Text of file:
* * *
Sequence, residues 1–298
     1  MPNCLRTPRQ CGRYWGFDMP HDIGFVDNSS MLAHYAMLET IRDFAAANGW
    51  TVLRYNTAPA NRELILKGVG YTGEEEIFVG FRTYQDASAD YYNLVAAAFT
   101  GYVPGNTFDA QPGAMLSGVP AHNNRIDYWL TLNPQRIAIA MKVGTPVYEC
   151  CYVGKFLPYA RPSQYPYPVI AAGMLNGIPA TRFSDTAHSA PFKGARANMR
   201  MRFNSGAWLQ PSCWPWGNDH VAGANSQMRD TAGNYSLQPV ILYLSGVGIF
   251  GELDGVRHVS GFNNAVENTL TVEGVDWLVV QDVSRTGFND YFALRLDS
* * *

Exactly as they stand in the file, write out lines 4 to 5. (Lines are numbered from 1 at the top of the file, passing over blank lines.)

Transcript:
   101  GYVPGNTFDA QPGAMLSGVP AHNNRIDYWL TLNPQRIAIA MKVGTPVYEC
   151  CYVGKFLPYA RPSQYPYPVI AAGMLNGIPA TRFSDTAHSA PFKGARANMR